March arrives on Saturday, and with it arrives the beginning of Stage Two of my 3×5 Project. What’s that? You didn’t know this thing would be split up into discrete stages? You thought it was going to be one big continuous year-long project? Yeah, well, so did I. I was wrong.
This is the thing: During the process of working through the first month of the project, my brain underwent some shifts as a result of the project itself. One of those shifts involved the realization that I didn’t want to draw 365 consecutive cards. I want to draw some — and the process of doing so during the month of January honestly helped me figure out both some technical bits and some bits about my relationship with art in general — but I just don’t want to do it every day. What I do want to do every day, however, is something creative and/or educational.
To that end, I’m doing some tooling around with the concept of my little 3×5 Project. I want to try to split these things out into one-month projects, usually centered on a common form or theme. They won’t all be art-related, either; I think what I did with the project in January was good for my brain, and I want to expand that good-for-my-brain-ness into new directions. The first couple of ideas I’ve had — and I’m not yet sure which one I want to do for March — include:
- Using the 3×5 cards to develop a screenplay. Not to actually write the screenplay, mind you, as I sincerely doubt agents or studio readers would be inclined to read a screenplay hand-written on a batch of index cards. But I can develop character sketches, scene ideas, bits of dialogue, ideas, outlines… if I can do 31 days worth of index cards dedicated to one particular screenplay idea, I’d be a long way toward actually being able to put a draft together at the end of the process. One of my biggest problems with creative endeavors is a somewhat serious case of ADD (see: the fact that I started changing project parameters before January was even up), but I’m pretty sure I can put somewhere between fifteen minutes and an hour per day into a project for one month. And even effort that little would put me in much better shape than I’ve ever been in regards to actually getting a screenplay written. (This same technique could obviously be applied to any other form of writing, I think, but for now, it’s just post-Oscars and I want to think about a screenplay.)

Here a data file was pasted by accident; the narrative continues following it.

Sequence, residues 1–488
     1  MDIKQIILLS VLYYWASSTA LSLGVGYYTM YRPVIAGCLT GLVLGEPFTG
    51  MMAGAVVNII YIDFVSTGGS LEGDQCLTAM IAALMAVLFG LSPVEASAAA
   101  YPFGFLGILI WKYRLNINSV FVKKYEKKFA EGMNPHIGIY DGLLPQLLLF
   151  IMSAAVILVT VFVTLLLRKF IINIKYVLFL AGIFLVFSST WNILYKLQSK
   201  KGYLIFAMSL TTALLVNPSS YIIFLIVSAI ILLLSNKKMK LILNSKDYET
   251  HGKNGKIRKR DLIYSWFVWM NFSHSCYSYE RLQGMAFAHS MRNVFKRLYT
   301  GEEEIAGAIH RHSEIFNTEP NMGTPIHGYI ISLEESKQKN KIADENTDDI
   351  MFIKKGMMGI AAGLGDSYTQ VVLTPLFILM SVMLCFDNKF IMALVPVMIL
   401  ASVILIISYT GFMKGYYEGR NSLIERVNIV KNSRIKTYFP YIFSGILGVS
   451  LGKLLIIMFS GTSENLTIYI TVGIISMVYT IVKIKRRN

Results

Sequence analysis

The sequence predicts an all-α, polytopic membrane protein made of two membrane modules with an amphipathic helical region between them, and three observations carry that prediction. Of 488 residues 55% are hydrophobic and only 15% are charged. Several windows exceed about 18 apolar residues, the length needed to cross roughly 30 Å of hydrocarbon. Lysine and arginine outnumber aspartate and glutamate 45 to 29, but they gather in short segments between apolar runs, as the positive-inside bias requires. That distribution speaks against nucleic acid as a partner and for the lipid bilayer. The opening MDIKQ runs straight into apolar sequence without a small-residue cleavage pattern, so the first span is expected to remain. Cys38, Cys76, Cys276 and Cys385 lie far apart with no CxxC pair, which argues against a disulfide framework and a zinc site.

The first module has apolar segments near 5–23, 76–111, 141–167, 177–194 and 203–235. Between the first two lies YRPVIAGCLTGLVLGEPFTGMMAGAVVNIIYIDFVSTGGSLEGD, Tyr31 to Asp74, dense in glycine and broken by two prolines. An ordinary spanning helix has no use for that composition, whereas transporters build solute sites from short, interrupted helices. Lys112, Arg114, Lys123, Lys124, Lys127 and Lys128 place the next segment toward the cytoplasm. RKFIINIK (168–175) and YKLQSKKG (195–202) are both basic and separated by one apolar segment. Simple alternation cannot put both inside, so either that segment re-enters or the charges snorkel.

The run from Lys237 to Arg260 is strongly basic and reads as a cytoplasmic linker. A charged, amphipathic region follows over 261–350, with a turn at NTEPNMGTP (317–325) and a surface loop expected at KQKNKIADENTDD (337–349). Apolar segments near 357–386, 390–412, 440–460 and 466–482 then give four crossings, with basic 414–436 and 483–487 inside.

- Using the 3×5 cards to learn a foreign language. I clearly couldn’t get the same level of language learnin’ I could in other ways, but I think I could get a good functional foundation laid this way. Using the cards to conjugate verbs, to record vocabulary, to take notes on grammatical rules and concepts, to practice constructing sentences — I do believe I could either get a good start going on a language I don’t yet know but want to learn (French or German, f’r instance) or to enhance and expand my knowledge and understanding of a language I already feel fairly comfortable with (Spanish, most likely). I think this would be more effective with a language I already have some facility with as hearing the words wouldn’t be as necessary, but I think it could work to some degree regardless, especially if I can find a way to supplement the cards.
- Using the 3×5 cards to “storyboard” a comics story. These cards would be almost perfect for doing small-level sketches of pages for some sort of comic project, with notes about what I’m thinking on the other side.
I like this month-by-month project idea for several reasons, one of the biggest being that it’s working with my particular bland of short-attention-span flakiness rather than flying in the face of it. Knowing that at the beginning of the next month I can move on to a different project (even if it’s a variation on the same project) should help keep me focused. I also like that these projects could easily build on each other — I could work on, say, learning basic French one month, take a month or two on something else, and then come back for some intermediate-level French (with my stack of cards from the first time to use as refresher notes if necessary). Or I could do nothing but work on characters for a potential novel or comic series or screenplay, work on something else, then come back a month or two later and focus on plot. I like the fact that for creative works, choosing to work on a particular project for a month removes one of my biggest obstacles: the “what to write” hangup. I’ll know what I need to work on every day, at least in the macro sense.
Most of all I like the fact that it’s a way to move forward on something, to prod and poke my brain into working on the stuff I keep saying I want to work on but never do. If I can’t manage fifteen minutes or half an hour a day to work on one of these creative endeavors, to write some notes on an index card, I must not really want to work on it all that much, huh?
I’m open to suggestions, too, for other projects in the same vein. And as always, anyone who wants to appropriate this thing and try it for themselves, please do! I’d love to hear what some of you guys come up with, and I’d love even more to heard how it worked out for you after trying it.